Cardiac troponin I is an independent predictor of coronary heart disease
High-Sensitivity Cardiac Troponin, Statin Therapy, and Risk of Coronary Heart Disease
Although clinical trials have established the benefits of statin therapy in asymptomatic subjects at high cardiovascular risk [1,2], the debate regarding the benefit/risk balance of drug interventions in the wider primary prevention setting continues [3-5]. In this regard, higher troponin concentrations may reflect subclinical coronary artery disease (CAD) and identify individuals at greatest risk who could benefit from such targeted preventative therapies.
To investigate this, this study evaluated whether cardiac troponin I concentrations at baseline or after 1 year of treatment can predict future coronary events, and be modified by statins. For this, data from the WOSCOPS trial had been used. WOSCOPS randomized 6,595 men ages 45 to 64 years with moderate hypercholesterolemia and no prior history of myocardial infarction (MI) to receive placebo or pravastatin 40 mg/day. The primary outcome was a composite of nonfatal MI and death from coronary heart disease (CHD). In addition, it was assessed whether troponin concentrations can reflect the response to therapy in the WOSCOPS primary prevention population.
- The median troponin concentration at baseline was 4.0 ng/L (IR 3.1-5.2 ng/L). Higher baseline troponin concentrations were associated with increased age, BMI, systolic blood pressure (SBP), and LDL-C concentrations, as well as with a higher prevalence of anginal symptoms and minor ECG abnormalities.
- Higher troponin concentrations at baseline were associated with increased risk of CHD at both 5- and 15-year follow-up. Compared with the lowest quarter (≤3.1 ng/L), patients in the highest quarter (≥5.2 ng/L) were at the highest risk for non-fatal MI or cardiovascular death at 5 and 15 years (HR 2.27, 95% CI: 1.42-3.65 and HR 1.54, 95% CI: 1.16-2.05, respectively, P<0.001 for both).
- The HR for the overall relative treatment effect for the primary endpoint at 5 years was 0.45 (95% CI: 0.32-0.65, P<0.001) and for the outcome of coronary death or hospitalised MI at 15 years was 0.68 (95% CI: 0.56-0.83, P<0.001).
- At 15 years, the absolute risk reduction in non-fatal MI or cardiovascular death was greatest in the highest quarter (9.0%) compared to the lower three quarters of baseline troponin (2.6-3.0%).
- At 1 year, participants taking pravastatin had a greater reduction in troponin concentration (19%, 95% CI: 17-20%) compared with those receiving placebo (6%, 95% CI: 4-8%, P<0.001).
- The absolute change in troponin concentration from baseline till 1 year with pravastatin was 2.0 ng/L (IR 1.2-2.8 ng/L, P<0.001). Change in troponin concentration on treatment correlated weakly with change in LDL-C (r=0.20, P<0.001).
- After adjustment for multiple variables the change in troponin concentration at 1 year was an independent predictor of non-fatal MI or cardiovascular death at both 5 and 15 years in both treatment arms.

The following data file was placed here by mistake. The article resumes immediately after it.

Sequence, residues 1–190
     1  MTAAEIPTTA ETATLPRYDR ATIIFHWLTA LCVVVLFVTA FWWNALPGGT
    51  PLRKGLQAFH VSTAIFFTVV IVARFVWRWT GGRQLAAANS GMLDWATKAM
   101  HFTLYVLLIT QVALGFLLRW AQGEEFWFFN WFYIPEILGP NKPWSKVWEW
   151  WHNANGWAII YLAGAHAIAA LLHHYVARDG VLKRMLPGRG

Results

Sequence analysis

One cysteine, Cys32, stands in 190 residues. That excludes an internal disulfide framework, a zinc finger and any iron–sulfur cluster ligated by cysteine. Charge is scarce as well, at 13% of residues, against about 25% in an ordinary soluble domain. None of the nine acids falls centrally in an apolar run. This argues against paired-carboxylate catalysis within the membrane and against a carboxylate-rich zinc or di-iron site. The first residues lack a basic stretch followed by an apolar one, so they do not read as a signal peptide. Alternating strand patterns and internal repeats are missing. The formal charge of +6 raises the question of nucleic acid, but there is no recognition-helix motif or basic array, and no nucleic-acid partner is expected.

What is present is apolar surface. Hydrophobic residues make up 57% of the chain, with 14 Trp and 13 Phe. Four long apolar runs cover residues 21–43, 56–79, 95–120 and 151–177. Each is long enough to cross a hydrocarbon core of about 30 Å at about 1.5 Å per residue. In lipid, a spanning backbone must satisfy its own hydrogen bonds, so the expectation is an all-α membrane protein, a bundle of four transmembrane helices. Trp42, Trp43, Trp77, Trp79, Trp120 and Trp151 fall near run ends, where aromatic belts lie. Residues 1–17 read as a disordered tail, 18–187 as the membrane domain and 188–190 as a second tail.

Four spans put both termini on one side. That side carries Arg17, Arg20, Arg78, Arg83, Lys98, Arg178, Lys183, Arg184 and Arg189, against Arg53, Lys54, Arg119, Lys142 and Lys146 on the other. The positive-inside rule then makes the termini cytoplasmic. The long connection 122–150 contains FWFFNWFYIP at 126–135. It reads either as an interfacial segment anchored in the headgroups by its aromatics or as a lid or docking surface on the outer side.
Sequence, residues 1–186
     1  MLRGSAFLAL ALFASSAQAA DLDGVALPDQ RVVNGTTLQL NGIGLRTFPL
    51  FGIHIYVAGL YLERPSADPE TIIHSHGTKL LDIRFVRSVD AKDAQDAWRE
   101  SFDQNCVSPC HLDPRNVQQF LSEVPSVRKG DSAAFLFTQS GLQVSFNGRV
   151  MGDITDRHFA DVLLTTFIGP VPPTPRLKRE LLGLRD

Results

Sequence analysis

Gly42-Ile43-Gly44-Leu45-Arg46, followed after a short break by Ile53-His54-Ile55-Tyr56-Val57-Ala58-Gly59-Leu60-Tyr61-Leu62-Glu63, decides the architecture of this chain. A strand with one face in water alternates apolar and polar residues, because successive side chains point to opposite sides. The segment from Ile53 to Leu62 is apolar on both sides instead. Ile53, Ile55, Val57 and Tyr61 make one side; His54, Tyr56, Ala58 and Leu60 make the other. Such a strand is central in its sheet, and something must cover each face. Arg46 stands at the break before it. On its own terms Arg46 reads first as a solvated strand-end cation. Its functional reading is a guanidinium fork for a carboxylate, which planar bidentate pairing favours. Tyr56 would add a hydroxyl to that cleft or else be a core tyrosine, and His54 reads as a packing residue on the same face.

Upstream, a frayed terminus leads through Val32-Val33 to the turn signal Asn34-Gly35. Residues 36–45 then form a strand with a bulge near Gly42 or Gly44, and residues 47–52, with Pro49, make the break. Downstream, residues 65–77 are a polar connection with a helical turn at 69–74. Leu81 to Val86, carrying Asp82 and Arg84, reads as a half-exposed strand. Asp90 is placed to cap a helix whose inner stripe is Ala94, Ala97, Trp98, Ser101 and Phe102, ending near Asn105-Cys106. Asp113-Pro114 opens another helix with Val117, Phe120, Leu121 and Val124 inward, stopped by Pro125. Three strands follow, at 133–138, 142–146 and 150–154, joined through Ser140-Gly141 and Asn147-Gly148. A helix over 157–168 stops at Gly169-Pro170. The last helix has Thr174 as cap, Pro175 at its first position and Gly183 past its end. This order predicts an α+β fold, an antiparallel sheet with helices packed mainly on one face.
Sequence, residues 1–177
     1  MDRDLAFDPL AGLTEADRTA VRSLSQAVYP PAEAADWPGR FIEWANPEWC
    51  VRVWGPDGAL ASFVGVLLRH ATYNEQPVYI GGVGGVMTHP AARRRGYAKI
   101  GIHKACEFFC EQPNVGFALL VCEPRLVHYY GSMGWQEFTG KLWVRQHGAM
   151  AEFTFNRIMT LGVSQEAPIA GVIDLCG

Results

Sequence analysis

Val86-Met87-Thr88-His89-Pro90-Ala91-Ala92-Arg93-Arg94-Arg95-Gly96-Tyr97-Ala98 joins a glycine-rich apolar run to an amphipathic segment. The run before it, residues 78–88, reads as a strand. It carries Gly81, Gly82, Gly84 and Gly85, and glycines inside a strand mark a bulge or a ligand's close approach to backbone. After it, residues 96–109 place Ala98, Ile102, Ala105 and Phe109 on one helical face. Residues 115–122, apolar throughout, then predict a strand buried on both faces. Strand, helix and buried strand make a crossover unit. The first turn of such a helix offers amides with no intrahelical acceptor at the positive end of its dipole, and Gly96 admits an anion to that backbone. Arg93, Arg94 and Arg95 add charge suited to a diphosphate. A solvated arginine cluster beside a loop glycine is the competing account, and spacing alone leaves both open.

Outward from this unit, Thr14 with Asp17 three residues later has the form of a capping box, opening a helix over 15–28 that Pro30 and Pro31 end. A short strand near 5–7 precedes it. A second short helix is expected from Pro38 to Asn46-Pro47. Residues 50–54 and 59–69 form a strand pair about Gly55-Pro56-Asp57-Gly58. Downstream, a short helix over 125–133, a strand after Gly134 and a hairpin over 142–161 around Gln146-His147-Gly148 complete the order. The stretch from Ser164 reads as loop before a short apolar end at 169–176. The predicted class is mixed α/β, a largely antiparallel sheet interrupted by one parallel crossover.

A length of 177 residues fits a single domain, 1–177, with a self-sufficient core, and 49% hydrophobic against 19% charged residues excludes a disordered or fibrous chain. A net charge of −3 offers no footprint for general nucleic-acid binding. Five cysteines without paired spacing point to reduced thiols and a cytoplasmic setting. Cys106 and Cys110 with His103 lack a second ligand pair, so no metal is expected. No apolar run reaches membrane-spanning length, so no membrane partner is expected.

- The risk of the primary endpoint in participants on pravastatin was 5-fold lower in those with the greatest reduction in troponin concentration (HR 0.23, 95% CI: 0.10-0.53) compared to those with the greatest increase in troponin concentration (HR 1.08, 95% CI: 0.53-2.21, P<0.001 for trend) despite similar reductions in LDL-C (22-28%).
- Compared to placebo, participants taking pravastatin with the greatest reduction in troponin at 1 year (highest quarter ≤38% reduction vs. lowest quarter >3% increase) had the largest reduction in cardiovascular events (HR 0.21, 95% CI: 0.08-0.52 and HR 0.82, 95% CI: 0.51-1.32, respectively, P=0.002). The reduction in events was similar across quarters of change in LDL-C (P=0.823).
Cardiac troponin I at baseline is an independent predictor of CHD events and concentrations reduce with statin therapy. Also, reductions in troponin concentrations after 1 year are associated with better outcomes independent of LDL-C levels. These findings suggest that high-sensitivity cardiac troponin may be useful for the identification of individuals at greatest risk, as well as for the assessment of their response to interventions for the prevention of CHD.
Editorial comment 
Jaffe and Wright comment on the relatively unexplored potential usefulness of hscTn assays in the assessment of long-term cardiovascular risk: ‘The hscTn findings are analogous to the situation with natriuretic peptides where higher, albeit normal, values have been used to identify those at risk for heart failure. Importantly, interventions in response to these minor increases improve outcomes.’ … ‘Ford et al. now provide provocative new insights into this fertile environment.’…’Neither baseline low-density lipoprotein cholesterol (LDL-C) nor its change over the first year was associated with adverse outcomes. Instead, outcomes tracked with changes in hscTn values.’ …. ’The values reported by Ford et al. are on the margin of the biological variation data assuming that biological variation does not increase to greater values over the course of 1 year. Thus, repeated testing as suggested by the authors or a longer period of observation before the second sample may be necessary.” They also point out that the data of Ford et al. suggests that possible other mechanisms besides lipid-related ones, may be important for patients receiving statins for primary prevention and they conclude: ‘In the long run, it should be possible to determine how to deploy hscTn analysis to allow values to be clinically relevant, including helping to assess those who may benefit from statin therapy. For now, these hscTn data open new vistas to begin to explore novel mechanisms to understand how to better use this important treatment. Furthermore, hscTn analysis has the potential to revolutionize our ability to study and improve primary prevention.’